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Destinyyyy

  • one year ago

Help with two problems..

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  1. Destinyyyy
    • one year ago
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  2. Destinyyyy
    • one year ago
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    I was thinking graph A

  3. DanJS
    • one year ago
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    yes

  4. Destinyyyy
    • one year ago
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    Alright thank you.

  5. Destinyyyy
    • one year ago
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  6. Destinyyyy
    • one year ago
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    For this one ive gotten to y=- square root x +13 , y</ 13

  7. Destinyyyy
    • one year ago
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    The square root is only over x

  8. ahvei
    • one year ago
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    the first one is A let me look at the second one...do you still need help on the second one of are you finished with it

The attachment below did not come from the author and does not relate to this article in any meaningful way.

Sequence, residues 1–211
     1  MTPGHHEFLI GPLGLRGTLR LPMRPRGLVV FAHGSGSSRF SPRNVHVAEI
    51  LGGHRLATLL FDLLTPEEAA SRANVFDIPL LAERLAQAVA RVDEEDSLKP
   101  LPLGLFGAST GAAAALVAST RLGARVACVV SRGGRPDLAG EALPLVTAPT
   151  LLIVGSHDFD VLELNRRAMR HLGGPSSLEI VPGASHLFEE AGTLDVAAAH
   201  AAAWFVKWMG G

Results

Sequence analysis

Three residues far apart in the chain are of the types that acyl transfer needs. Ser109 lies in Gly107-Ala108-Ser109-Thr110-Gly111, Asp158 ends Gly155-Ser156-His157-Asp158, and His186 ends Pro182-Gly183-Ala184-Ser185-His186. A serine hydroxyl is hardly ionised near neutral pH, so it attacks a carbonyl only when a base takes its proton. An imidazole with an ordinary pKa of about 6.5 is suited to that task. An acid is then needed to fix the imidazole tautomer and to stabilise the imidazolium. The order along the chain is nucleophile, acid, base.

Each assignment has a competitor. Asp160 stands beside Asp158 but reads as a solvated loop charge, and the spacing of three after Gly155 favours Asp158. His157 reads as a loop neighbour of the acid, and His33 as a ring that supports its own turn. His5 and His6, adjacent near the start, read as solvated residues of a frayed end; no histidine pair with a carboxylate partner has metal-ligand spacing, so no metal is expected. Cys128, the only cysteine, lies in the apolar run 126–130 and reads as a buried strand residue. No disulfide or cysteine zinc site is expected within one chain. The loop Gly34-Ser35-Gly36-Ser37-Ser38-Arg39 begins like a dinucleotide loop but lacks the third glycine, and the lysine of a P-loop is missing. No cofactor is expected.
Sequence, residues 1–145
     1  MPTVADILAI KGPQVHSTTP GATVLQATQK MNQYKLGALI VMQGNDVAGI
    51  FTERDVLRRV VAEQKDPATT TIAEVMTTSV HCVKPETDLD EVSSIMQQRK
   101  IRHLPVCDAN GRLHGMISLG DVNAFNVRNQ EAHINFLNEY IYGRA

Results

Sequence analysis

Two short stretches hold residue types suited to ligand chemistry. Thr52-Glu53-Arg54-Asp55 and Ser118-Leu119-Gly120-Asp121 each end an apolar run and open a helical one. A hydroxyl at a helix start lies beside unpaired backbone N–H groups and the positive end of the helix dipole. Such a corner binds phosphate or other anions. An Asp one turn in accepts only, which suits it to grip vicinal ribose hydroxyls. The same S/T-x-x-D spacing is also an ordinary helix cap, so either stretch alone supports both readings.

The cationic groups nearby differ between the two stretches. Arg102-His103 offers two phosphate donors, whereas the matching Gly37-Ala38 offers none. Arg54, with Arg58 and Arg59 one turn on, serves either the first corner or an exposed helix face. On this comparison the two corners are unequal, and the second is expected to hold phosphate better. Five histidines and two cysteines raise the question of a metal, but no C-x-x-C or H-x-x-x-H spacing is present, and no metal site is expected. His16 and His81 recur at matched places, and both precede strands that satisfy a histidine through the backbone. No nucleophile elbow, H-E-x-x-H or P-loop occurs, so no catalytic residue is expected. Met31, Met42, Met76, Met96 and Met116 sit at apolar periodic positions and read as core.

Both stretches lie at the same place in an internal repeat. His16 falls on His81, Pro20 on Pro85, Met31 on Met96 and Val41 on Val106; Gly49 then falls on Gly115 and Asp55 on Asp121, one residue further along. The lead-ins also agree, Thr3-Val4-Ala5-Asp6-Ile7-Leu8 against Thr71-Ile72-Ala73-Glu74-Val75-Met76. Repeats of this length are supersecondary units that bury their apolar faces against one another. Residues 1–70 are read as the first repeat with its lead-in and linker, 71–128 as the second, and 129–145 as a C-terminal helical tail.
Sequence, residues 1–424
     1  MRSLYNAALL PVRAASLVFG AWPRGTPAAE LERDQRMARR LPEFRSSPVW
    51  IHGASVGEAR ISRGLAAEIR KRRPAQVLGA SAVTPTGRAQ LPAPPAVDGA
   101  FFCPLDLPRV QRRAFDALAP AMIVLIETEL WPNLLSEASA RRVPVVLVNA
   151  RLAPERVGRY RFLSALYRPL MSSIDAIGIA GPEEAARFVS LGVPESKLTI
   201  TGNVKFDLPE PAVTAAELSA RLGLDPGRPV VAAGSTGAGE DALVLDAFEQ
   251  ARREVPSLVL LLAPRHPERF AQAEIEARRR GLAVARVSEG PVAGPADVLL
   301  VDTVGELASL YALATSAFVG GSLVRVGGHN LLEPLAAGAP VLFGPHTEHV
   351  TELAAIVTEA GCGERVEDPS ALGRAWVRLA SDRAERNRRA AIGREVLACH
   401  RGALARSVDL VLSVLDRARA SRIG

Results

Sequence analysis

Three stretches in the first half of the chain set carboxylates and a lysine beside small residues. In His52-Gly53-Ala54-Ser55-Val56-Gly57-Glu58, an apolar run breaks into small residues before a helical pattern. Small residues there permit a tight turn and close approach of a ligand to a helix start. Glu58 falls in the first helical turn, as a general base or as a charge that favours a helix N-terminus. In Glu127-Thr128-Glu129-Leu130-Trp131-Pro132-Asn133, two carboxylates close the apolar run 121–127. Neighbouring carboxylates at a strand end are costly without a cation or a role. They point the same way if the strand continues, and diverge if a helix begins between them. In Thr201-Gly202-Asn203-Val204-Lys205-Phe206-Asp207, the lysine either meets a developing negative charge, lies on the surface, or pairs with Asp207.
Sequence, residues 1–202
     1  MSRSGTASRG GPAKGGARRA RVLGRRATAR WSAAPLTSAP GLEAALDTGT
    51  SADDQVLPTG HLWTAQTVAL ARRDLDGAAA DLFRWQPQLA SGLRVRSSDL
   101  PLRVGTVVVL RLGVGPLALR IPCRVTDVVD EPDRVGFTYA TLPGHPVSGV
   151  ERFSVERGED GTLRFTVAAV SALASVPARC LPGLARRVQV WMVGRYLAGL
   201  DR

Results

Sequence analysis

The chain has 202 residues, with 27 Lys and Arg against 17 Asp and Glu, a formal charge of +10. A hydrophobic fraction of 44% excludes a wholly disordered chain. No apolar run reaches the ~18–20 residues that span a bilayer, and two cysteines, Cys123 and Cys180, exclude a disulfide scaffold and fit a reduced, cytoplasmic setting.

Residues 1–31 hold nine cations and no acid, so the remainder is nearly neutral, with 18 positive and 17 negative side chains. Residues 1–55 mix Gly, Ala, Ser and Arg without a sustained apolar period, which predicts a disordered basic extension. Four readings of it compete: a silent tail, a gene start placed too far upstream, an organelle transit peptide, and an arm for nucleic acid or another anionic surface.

9. Destinyyyy
    • one year ago
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    Still need help on the second one.

  10. Destinyyyy
    • one year ago
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    ? The second one is not multiple choice. I dont know where you just got C from.

  11. Destinyyyy
    • one year ago
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    I need help on the f(x)= (x-13)^2 , x</ 13

  12. Destinyyyy
    • one year ago
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    I dont want the answer told to me. Id like to be shown how to solve it.

  13. ahvei
    • one year ago
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    oh is it the tyoe of question you will have to type an answer out for??

  14. Destinyyyy
    • one year ago
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    Yes? If you look at the picture it shows that the final answer must be typed in... @phi can you help me with this one?

  15. Destinyyyy
    • one year ago
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    I can show my work up to where im stuck at if that will help.

  16. Destinyyyy
    • one year ago